One man there had been an invalid for thirty-eight years. When Jesus saw him lying there and realized that he had spent a long time in this condition, He asked him, “Do you want to get well?”
It’s difficult to wake up on Monday morning to serve the family, go back to the job, go to school or to participate in some community event (church ministry, volunteer work, etc). This becomes more of a struggle in January if you live in the northern hemisphere. Cold, cold and more cold! And it’s almost impossible to rouse if one is struggling with health issues. Monday mornings can be a challenge.
I think of the lame man Jesus healed. How horrid and hopeless everyday must have been for him. Joints stiff and muscles in atrophy mixed with unbearable pain. No way of providing for himself. Most likely, he had worn out any relationship he had. Until finally, he became a burden to society.
I love the way Jesus simply gave the lame man directions which would change his life. “Get up, pick up your mat, and walk.”
God doesn’t care how long or how bad a day can be because He has the answer. What is God telling you to do this day? Is is time to get up? What would He have you pick up? Change a job, mend a relationship, repent from an offense; there are many things God would desire us to learn. Are you walking in the faith which is available to you? The only way you will find your answer is by simply following Him. It’s a life-long journey.
My flesh and my heart may fail, but God is the strength of my heart and my portion forever.
Back in the late 70’s I learned how to downhill ski. It was exhilarating. I think what I enjoyed the most was the fresh air and views. Devils Head ski hill, in Wisconsin, has the most gorgeous overview. Yet, Vail ski resort in Colorado displayed several breathtaking runs. I was no Olympian at the sport, but I was strong and enthusiastic.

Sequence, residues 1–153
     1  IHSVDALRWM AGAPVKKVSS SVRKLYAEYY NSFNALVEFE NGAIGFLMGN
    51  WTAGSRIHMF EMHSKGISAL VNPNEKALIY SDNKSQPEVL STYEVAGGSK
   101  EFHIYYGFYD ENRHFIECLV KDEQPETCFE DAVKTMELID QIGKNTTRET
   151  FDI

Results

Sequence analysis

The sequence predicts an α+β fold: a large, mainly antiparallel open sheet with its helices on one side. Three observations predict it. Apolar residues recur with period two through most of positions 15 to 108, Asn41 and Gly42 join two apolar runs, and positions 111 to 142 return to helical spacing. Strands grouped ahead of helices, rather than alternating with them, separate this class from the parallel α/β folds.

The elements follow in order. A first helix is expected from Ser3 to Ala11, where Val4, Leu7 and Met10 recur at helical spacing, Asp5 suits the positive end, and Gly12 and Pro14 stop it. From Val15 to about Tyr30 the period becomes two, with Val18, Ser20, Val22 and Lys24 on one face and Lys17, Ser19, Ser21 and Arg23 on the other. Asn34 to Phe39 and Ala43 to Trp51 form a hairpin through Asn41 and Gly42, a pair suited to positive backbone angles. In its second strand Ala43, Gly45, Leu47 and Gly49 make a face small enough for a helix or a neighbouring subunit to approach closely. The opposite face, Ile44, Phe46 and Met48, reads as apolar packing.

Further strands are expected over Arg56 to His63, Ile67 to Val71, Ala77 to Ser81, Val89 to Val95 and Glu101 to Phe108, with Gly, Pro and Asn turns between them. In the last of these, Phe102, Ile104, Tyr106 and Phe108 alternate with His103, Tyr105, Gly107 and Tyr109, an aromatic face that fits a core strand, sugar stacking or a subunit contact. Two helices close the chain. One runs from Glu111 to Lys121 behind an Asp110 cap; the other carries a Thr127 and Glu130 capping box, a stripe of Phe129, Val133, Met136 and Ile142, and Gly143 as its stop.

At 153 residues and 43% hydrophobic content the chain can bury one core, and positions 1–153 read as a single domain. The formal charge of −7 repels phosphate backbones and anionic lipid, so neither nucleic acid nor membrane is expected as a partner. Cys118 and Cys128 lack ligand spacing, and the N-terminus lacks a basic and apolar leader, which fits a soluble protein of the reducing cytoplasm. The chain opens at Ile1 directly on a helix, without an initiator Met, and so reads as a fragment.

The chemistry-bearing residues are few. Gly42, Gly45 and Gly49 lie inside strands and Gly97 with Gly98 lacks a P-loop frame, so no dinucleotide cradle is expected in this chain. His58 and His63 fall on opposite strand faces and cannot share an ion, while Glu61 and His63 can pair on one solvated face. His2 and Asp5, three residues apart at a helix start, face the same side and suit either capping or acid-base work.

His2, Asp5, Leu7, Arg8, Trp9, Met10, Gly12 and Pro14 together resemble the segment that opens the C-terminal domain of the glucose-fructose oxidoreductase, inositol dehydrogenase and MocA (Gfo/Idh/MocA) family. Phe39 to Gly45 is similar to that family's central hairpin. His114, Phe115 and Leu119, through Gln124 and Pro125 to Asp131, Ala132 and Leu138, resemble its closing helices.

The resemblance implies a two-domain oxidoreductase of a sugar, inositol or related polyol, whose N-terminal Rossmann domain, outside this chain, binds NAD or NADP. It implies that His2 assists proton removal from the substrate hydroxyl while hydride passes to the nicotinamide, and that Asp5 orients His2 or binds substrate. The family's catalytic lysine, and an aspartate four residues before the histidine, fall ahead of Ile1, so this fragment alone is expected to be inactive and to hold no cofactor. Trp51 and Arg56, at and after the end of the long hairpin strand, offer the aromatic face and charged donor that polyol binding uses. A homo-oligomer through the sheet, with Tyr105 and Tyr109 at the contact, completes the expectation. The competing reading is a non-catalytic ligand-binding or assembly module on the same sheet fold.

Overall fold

It was shortly after those years I was introduced to Jesus, my Savior. I had never read the Bible. I new of the basic biblical stories, but thought they were something which happened years ago. In ways, I was still trying to earn my way to heaven.
In the 90’s, as I was raising a family, my husband and I took up cross-country skiing. It was affordable, plenty of local areas to ski and a lot less equipment to carry. Maybe motherhood overwhelmed my thoughts for downhill skiing. Or a back injury took the stream out of the excitement of surfing the slopes. They were wonderful years of shushing through local woodlands. Plus, an occasional hill to glide down.
During those years, I taught children the Word of God. Along the way I was learning so many things myself. There’s no better way to get familiar with the Bible than to teach someone else.
Somewhere after the turn of the century, I’m starting to sound old now, I hung up the cross-country skies for snow snows. The slower pace suited me. Crunching through a quiet wood and inhaling the serenity before me brought peace.
Around this same time something else happened, I fell in love with the Word of God. It was more than just knowing of Him, but truly seeing Him. If that sounds familiar, they are the words of Job. I spent over a year in study of the book of Job. It was a wonderful experience.
The purpose of this post is to show how the physical body has its limits. As decades unfold the physical body declines. Yet, the spiritual part of us can grow with strength. Do I miss those downhill skiing days? Yes, especially this last week as my son, Dan, has sent me photos of his time in Vail. Yet, I have the quiet of a snow covered woods and a cozy corner in my house where I can get lost in the Word of God.
The body grows weak, while the spirit thirsts for more. May you see God more and more.
P.Wolf; skier & snowshoer
Therefore we do not lose heart. Even though our outward man is perishing, yet the inward man is being renewed day by day. For our light affliction, which is but for a moment, is working for us a far more exceeding and eternal weight of glory, while we do not look at the things which are seen, but at the things which are not seen. For the things which are seen are temporary, but the things which are not seen are eternal.
2 Corinthians 4:16-18
He is worthy of your trust, and your trust is all he asks of you. He is able and willing, because he died for you. He only ask you to believe that he is able to save you and wants you to trust yourself to him.